According to the agency, this story could completely derail the United States’ rush to attack Syria which has been founded on the “undeniable” justification that al-Assad was behind the chemical weapons attack. Dale Gavlak’s credibility is very impressive. He has been a Middle East correspondent for the Associated Press for two decades and has also worked for National Public Radio [NPR] and written articles for BBC News.
The website on which the story originally appeared – Mint Press (which is currently down as a result of huge traffic it is attracting to the article) is a legitimate media organization based in Minnesota. The Minnesota Post did a profile on them last year.
Saudi Arabia’s role in providing rebels, whom they have vehemently backed at every turn, with chemical weapons, is no surprise given the revelations earlier this week that the Saudis threatened Russia with terror attacks at next year’s Winter Olympics in Sochi unless they abandoned support for the Syrian President.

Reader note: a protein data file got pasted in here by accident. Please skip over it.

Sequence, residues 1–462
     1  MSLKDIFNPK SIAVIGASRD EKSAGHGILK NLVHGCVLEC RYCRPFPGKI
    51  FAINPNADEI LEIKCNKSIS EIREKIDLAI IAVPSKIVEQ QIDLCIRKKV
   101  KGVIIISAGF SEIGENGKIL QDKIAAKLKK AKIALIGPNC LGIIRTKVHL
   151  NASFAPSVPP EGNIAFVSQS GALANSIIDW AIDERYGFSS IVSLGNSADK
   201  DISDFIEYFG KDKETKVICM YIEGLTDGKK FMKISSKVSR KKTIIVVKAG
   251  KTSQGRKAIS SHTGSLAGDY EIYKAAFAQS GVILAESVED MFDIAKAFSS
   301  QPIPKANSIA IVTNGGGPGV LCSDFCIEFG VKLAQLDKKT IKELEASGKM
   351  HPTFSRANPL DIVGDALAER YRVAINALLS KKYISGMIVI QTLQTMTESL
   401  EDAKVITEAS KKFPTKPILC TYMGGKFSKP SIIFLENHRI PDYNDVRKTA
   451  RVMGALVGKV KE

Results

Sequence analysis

“I can give you a guarantee to protect the Winter Olympics next year. The Chechen groups that threaten the security of the games are controlled by us,” Prince Bandar told Vladimir Putin, the Telegraph reports.
US intelligence officials also told the Associated Press that the intelligence proving al-Assad’s culpability is “no slam dunk.”
In a recent article for Business Insider, reporter Geoffrey Ingersoll highlighted Saudi Prince Bandar’s role in the two-and-a-half year Syrian civil war. Many observers believe Bandar, with his close ties to Washington, has been at the very heart of the push for war by the US against al-Assad.
Ingersoll referred to an article in the UK’s Daily Telegraph about secret Russian-Saudi talks that Bandar offered Russian President Vladimir Putin cheap oil in exchange for dumping al-Assad.
“I can give you a guarantee to protect the Winter Olympics next year. The Chechen groups that threaten the security of the games are controlled by us,” Bandar allegedly told the Russians.